I was in Central Park with my running group yesterday evening when I ran into a friend of mine from high school (who, incidentally, I also saw in the start corral — yes, we do feel like cattle if you are wondering — at Sunday’s Nike-NYC Half Marathon). New York may seem like a big city, but running / cycling paths are scarce and I think every cyclist and distance runner I know has bumped into someone they know in Central Park / Riverside Park / Prospect Park / along the West Side Highway or 9W. Indeed. It’s like in publishing where if you go to an industry event, you’re bound to find someone you know.
I was whipping through headlines on my RSS reader this morning and saw that BusinessWeek blogger Stephen Baker had posted dates for his September book tour. For authors who are considering blogging, the time to start would be well before the book comes out. Of course, authors who have already built an online following — whether because of their previous books or because they already are popular bloggers — have an easier time attracting an audience, but given time, even an unknown author can build a following by reaching out to friends first and letting the word spread.
For those of you who missed Monday’s NewsHour segment about the demise of print book reviews, Gabi from Viking Penguin passed on the link. Jeffrey Brown interviews Steve Wasserman, formerly editor of the Los Angeles Times’ book review and Kassia Krozser of Booksquare.com, a very insightful book marketing / publishing blog. If you get antsy listening to interviews, you can also read the transcript.
For those of you who didn’t receive the postcard, Salon’s New York office is moving. As of July 1, the address will be:
15 W 37th St
New York, NY 10018
Kassia Krozser of Booksquare posts about why publishers should blog. She brings up a couple examples, bad and good: St. Martin’s page for Janet Evanovich and Simon & Schuster’s page for Judy Blume. Which reminds me, I was on the Penguin Group website the other day and saw the DK imprint has begun introducing staff members on their blog. I think that’s clever move — as someone who works in publishing, I’m always interested to know more about my colleagues. And for authors, agents and other people who are interested in the publishing industry, it’s a good way to get a peek into a publishing house.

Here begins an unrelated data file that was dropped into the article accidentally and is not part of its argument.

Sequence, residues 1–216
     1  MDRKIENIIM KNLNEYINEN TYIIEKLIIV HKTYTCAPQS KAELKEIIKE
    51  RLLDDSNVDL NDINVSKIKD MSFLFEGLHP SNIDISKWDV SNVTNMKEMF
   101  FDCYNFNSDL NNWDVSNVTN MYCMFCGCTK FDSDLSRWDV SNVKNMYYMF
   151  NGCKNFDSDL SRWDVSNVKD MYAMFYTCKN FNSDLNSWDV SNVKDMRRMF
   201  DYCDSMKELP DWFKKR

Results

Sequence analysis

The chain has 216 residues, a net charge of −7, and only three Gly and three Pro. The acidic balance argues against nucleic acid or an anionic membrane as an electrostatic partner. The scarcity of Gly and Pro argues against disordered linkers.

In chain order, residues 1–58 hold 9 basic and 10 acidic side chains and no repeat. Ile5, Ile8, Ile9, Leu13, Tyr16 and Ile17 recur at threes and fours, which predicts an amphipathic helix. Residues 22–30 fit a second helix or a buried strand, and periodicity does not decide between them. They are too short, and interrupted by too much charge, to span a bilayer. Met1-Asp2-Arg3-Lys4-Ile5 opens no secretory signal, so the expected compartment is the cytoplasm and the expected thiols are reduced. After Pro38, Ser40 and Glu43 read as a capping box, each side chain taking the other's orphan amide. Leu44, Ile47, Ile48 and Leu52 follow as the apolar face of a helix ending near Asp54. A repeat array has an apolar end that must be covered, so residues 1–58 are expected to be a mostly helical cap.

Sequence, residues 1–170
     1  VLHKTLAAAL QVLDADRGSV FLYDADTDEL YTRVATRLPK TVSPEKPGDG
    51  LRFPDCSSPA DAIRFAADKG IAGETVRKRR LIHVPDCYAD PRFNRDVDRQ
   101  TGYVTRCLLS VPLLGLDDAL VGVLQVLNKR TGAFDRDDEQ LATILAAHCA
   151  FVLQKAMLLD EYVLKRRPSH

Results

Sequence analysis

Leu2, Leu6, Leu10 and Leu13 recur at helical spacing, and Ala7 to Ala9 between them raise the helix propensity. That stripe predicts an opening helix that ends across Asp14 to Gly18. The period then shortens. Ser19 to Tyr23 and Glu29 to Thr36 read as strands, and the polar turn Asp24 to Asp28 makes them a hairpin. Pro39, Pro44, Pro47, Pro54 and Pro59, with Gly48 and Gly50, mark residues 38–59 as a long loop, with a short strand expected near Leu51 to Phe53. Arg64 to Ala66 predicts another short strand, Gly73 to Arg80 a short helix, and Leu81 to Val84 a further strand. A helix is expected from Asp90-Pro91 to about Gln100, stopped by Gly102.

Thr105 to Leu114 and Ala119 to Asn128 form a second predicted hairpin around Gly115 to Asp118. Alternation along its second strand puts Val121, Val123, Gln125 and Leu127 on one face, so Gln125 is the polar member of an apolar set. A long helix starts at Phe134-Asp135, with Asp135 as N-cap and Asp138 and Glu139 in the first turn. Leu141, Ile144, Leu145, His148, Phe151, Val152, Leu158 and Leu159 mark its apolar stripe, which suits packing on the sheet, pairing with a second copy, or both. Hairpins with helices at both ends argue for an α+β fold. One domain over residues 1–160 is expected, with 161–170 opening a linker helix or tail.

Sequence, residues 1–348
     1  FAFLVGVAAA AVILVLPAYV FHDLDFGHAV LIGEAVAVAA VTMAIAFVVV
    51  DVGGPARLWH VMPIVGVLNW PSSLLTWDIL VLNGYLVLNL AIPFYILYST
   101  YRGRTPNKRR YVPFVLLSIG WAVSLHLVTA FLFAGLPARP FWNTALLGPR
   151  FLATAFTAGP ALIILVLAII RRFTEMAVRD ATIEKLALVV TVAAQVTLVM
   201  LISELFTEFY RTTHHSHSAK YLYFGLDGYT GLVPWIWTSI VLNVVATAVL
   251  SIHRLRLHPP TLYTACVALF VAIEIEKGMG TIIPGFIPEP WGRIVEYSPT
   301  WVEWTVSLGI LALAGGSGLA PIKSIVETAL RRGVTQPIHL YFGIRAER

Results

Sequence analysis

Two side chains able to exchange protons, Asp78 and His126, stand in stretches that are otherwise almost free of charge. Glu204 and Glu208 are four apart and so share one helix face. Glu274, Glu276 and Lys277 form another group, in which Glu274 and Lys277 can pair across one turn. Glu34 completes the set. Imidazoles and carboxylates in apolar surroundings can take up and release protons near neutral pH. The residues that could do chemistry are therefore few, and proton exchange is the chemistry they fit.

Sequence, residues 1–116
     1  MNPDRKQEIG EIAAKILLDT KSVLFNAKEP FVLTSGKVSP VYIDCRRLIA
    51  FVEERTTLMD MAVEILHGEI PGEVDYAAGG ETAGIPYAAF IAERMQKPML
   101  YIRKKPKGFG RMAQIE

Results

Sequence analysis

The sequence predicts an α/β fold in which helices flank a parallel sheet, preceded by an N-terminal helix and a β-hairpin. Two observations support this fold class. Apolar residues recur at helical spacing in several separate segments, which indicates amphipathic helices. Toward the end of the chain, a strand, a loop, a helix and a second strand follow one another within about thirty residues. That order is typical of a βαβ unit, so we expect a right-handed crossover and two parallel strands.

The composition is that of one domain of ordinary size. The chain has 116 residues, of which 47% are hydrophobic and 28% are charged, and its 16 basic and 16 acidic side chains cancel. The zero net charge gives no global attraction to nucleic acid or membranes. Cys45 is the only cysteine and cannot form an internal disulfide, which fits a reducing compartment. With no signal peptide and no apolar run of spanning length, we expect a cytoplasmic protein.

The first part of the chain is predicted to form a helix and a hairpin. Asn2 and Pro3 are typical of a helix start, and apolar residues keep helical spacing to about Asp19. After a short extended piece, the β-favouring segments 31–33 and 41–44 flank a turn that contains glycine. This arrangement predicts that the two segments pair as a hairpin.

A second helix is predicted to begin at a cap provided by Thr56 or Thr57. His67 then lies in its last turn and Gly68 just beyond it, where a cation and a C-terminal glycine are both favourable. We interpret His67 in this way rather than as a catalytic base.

Phenix & Phenix Literary Publicists recaps the Landing Ink, Airtime and Blog Buzz in Today’s Changing Media Environment panel at the Writers’ League of Texas Agents & Editors conference over the weekend. Among the panelists: Ron Hogan (GalleyCat), Michael Merschel (Dallas Morning-News) and Sara Nelson (Publishers Weekly).
Joan Reeves at Sling Words posts about the importance of linking (which I have just done here to Joan’s blog in case anyone is hazy about what exactly a link is). Links enable a new blogger to build an audience and increase their Google rank. Think of a blog as an island and links as the bridges. How long have they been on the island on Lost? Four months. No bridges. Don’t create the Lost of blogs — help people find your blog with links.
Frank Wilson also discussed linking the other day on Nigel Beale’s Nota Bene and how it contributed to the success of Books Inq.
My personal preference is to always include one link to the blog itself and one to the individual post. This can be redundant since the link to the blog is the same as the link to the post … until the next post appears.
Kassia Krozser of Booksquare summarizes some online myths heard at BEA including that an author just needs a Facebook page not a website. Websites get a bad rap these days — they’re static, they’re hard to update. This is true, but is this necessarily a bad thing? Depending on the book, it may not matter.
Kassia Kroszer, who blogs at Booksquare
, posted an entertaining and informative piece
about pitching bloggers. I encourage you to click through to the post to read her frank but fair opinions about the matter.Here are a few things I’d like to add/elaborate on:
1. Know the blog: The key here is an RSS reader like Bloglines or Google Reader. (My friend Sharon at Bantam said Bloglines allows you to organize sites better than Google Reader. I’ve never tried the latter myself.) Without a reader you can’t possibly hold down a full-time job and follow the dozens of major literary and publishing blogs out there. Setting up a reader may seem overwhelming, but once you’ve done so, it takes only a few clicks, scrolls and minutes to keeps tabs on pretty much anything important going on in publishing (blogs and more), whether it’s an article by Motoko, a post by Ron or Terry’s latest interview. This site’s blog roll provides a good starting point for building a robust RSS reader. I haven’t had the time to add a lot of other blogs, so feel free to suggest your favorite literary/publishing sites.
2. Know how important the blog is: There are millions of blogs out there. Use sites like Technorati or Alexa to see how authoritative a blog is. Check the blog roll (the list of blogs, usually on the right side of the page) to see how frequently a blog is linked to. Popular blogs will appear on dozens (or hundreds, in the case of a site like Gawker) of blog rolls.
3. Use the “Comments” section: Bloggers like to know people are reading what they write. Although the big literary/publishing bloggers don’t need you or I to pat them on the back, they’ll still appreciate another reader and a thoughtful or entertaining comment.
4. Don’t blast email (most) blogs: Realistically, it’s not feasible to never pitch with a mass email. That said, limit its use. As Kassia points out, most blogs don’t do the “standard” interview or review, so your standard pitch won’t work. In fact, many bloggers don’t list email addresses on their sites, preferring instead that readers use their Contact page. Use it. Some sites like Boing Boing have said they will not accept pitches not submitted on their site.